Johnson has ruined Britain

Johnson has ruined Britain

For the second time in three years, Boris Johnson, a politician whose ambition and superficial charm far outstrip his ability, judgment or principles, is destabilising the British government and threatening the country’s future.

On July 9, Johnson, in protest against Prime Minister Theresa May’s plans for Brexit, resigned from his post as foreign secretary. Now May’s authority, longevity and ability to deliver a Brexit without causing an economic crisis are in question. But further political paralysis seems certain.

Britain is in this mess principally because the Brexiteers — led largely by Johnson — sold the country a series of lies in the lead up to the June 2016 referendum on leaving the European Union. They did so because neither Johnson nor his fellow leader of the “leave” campaign, Michael Gove, intended, wanted or expected to win.

At the start of 2016, Johnson was perhaps the most popular politician in Britain. Supporters and fans mobbed him at train stations and traffic lights; pollsters and pundits thought he could reach the parts of the country that other Conservatives could never touch. But he was also driven and insecure, so desperate to guarantee he would be the next prime minister that he cynically abandoned his own previous positions on the European Union in order to try to secure support from his party’s Euroskeptic right wing.

Because Johnson and Gove were confident that the “leave” campaign was a hopeless cause, they were free to make ridiculous claims that they had no expectation of ever having to fulfil. They said that Brexit would make Britain both richer and more independent, with more money for the National Health Service, much greater control of immigration and continued friction-free trade with Europe.

Every earnest warning from the other side — about how any Brexit would damage trade, business and jobs — was dismissed airily by the Brexiteers. There were no costs or downsides in this vision of the future.

This casual dishonesty has had devastating consequences.

In the two years since the “leave” campaign unexpectedly won, nobody, from the prime minister to Johnson to the Labour Party, has been able to come up with a plan for exiting the European Union that can satisfy both a majority in Parliament and the expectant public. Why? Because fulfilling the false promises peddled by Johnson during the campaign is impossible.

The gulf between the easy, prosperous, productive Brexit that its voters are impatiently expecting, and the grim, complicated cost of disentangling economies that have been intertwined for decades has poisoned and paralysed British politics.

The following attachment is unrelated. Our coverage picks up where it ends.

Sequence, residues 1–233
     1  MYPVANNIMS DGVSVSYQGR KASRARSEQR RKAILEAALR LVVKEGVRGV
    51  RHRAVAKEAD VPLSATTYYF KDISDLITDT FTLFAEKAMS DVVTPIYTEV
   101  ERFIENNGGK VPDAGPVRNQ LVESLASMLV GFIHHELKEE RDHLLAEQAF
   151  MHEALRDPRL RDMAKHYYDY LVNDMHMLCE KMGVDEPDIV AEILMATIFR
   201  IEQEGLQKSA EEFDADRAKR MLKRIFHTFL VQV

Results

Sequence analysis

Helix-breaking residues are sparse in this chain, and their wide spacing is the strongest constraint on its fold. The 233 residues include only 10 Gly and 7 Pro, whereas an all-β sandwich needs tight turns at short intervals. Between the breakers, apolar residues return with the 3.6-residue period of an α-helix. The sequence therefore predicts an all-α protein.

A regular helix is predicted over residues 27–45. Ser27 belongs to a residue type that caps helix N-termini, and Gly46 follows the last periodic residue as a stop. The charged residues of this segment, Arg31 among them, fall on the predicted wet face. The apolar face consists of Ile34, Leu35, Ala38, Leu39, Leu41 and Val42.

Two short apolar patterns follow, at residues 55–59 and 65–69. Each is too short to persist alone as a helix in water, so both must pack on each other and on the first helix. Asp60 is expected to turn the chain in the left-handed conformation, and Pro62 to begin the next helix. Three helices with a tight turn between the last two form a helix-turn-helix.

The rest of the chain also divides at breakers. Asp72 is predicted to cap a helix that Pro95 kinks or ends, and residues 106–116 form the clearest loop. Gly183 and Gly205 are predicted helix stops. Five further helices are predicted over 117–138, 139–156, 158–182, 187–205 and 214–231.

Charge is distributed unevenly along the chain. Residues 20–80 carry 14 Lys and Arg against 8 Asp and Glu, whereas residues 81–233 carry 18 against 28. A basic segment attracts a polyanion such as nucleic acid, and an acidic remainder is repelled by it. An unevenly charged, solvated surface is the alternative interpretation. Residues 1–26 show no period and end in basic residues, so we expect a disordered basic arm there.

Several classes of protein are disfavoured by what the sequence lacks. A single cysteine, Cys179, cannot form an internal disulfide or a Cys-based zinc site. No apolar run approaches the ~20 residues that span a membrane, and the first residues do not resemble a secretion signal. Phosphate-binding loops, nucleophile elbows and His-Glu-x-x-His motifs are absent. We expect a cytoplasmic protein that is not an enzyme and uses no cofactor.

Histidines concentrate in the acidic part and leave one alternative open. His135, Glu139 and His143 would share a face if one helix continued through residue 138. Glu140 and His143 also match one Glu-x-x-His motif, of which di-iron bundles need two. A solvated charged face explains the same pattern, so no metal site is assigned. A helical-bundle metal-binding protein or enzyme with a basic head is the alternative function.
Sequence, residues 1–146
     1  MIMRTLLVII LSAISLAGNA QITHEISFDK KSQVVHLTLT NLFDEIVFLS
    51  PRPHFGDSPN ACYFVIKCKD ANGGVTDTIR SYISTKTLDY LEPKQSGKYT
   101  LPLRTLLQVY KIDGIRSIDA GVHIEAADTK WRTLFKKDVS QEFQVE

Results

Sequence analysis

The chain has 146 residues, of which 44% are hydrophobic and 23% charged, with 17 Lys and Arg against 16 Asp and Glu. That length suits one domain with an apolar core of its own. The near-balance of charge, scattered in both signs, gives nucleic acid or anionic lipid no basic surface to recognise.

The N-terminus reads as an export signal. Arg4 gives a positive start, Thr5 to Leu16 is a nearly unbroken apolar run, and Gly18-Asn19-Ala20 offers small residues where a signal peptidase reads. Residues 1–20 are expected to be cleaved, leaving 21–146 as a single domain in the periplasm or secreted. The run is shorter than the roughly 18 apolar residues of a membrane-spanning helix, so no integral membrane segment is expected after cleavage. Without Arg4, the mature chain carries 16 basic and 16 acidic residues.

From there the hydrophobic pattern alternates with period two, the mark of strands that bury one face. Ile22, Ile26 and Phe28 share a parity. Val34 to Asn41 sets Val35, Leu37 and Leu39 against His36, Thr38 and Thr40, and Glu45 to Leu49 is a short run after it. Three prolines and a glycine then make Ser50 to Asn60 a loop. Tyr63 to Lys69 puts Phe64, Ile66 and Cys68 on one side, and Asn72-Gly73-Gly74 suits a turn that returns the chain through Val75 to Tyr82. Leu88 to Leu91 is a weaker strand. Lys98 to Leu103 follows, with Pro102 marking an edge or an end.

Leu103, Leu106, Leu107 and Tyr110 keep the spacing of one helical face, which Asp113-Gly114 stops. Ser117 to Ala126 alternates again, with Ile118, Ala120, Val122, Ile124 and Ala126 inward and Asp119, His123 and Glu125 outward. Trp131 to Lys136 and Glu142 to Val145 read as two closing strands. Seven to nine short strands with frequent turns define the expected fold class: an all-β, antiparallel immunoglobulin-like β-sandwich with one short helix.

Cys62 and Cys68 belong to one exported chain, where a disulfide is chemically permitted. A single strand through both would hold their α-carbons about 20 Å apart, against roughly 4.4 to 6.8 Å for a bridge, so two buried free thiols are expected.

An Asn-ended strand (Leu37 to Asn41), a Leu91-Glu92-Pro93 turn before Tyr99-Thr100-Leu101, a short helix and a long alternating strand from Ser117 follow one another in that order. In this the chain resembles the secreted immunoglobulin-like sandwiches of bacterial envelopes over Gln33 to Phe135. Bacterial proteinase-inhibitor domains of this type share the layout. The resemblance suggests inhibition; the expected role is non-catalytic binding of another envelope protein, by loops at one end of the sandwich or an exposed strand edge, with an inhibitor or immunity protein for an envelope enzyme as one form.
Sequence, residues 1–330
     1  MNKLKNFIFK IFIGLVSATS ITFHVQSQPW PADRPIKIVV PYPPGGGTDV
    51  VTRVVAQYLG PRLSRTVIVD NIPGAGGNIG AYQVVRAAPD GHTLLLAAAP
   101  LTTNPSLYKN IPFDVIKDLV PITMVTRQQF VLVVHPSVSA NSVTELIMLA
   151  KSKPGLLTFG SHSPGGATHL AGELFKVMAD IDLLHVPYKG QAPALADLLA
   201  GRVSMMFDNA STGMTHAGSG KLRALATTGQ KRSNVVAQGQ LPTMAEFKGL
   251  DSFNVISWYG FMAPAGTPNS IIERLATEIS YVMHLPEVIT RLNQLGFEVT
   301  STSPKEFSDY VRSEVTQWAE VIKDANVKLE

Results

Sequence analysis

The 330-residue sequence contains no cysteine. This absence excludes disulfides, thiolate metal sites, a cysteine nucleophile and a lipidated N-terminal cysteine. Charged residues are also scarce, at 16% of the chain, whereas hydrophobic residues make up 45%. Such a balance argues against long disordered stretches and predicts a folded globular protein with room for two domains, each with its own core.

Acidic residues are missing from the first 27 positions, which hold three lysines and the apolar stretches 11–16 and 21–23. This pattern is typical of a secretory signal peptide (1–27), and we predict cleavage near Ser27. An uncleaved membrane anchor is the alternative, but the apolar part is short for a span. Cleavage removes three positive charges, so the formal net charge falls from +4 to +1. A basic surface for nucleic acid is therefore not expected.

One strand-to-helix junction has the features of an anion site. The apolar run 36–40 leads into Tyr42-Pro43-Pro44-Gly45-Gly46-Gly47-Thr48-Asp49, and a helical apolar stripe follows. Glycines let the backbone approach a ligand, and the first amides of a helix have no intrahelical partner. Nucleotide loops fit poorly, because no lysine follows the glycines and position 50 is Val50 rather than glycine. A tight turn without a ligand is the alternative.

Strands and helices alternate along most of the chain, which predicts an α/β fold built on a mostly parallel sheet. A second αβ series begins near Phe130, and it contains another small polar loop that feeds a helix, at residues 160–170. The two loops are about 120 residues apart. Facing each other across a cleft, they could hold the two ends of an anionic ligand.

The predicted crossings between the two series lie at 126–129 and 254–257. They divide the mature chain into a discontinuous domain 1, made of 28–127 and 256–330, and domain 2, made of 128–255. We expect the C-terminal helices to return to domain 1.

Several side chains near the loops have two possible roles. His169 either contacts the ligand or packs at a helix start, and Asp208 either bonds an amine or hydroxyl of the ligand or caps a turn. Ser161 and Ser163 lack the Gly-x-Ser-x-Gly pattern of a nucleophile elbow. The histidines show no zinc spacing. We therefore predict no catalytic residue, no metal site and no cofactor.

The Conservatives’ leaders cannot admit to the electorate that they were deceived without splitting the party. And instead of apologising for misleading voters, Johnson and the other Brexiteers have doubled down, taking refuge in optimistic slogans and vapid promises, refusing to believe the increasingly agitated evidence from hospitals, airlines, farmers, supermarkets and factories that a hard Brexit will damage them all.

Last week, May finally attempted to force a recognition of reality on her divided Cabinet by coming up with a compromise; a partial Brexit that allows goods free access in and out of Europe at the cost of accepting many European rules. It was an imperfect plan, but still it provided, finally, a starting point for negotiations with Brussels.

For three days, that compromise held, until the first political delusionist, the Brexit Secretary David Davis, broke free, still claiming that in some magical future Britain could get almost everything it wanted, if only the country would just stand by its demands.

Petrified of being outflanked, Johnson followed suit, bringing with him the implicit threat that he could lead a rebellion against the government that other hardline Brexiteers will follow. It is a desperate move by a man who has lost almost all the credibility he had three years ago.

All of Johnson’s weaknesses have been exposed: his lazy reluctance to do detail, his preference for bluster over thinking, his contempt for business. The campaign was meant to secure his future; instead, in damaging the country, he fears he has wrecked his own future, too. As one of his allies told me last month: “He knows that the verdict of history is about to come down on him — and bury him.”

Johnson seems to believe that this is his last chance to become prime minister: After his resignation this week, he hopes to be reborn as a rebel who will lead the party. But more likely is that he will once again create political chaos without delivering what he wants.

Two years ago, the side effect of Johnson’s ambitious manoeuvring was to split the country and risk the prosperity and security of all Britons for decades. Now, just as a fragile basis for negotiation emerges, his selfish drive for vindication, attention and admiration threatens that, too.

It is petrifying that the deliberate deceptions and wild ego of one man can so mislead a nation. (Americans know all about that.) One insider told me that May was prepared for Johnson’s defection, and will outflank him, persuading wavering Conservatives that the time for fantasy has passed.

But Britain is teetering on the edge, on the verge of making catastrophic, irreversibly damaging mistakes. The danger is that Johnson might tip the balance in the wrong direction once again.

Jenni Russell, a journalist and broadcaster, is a columnist for The Times of London.





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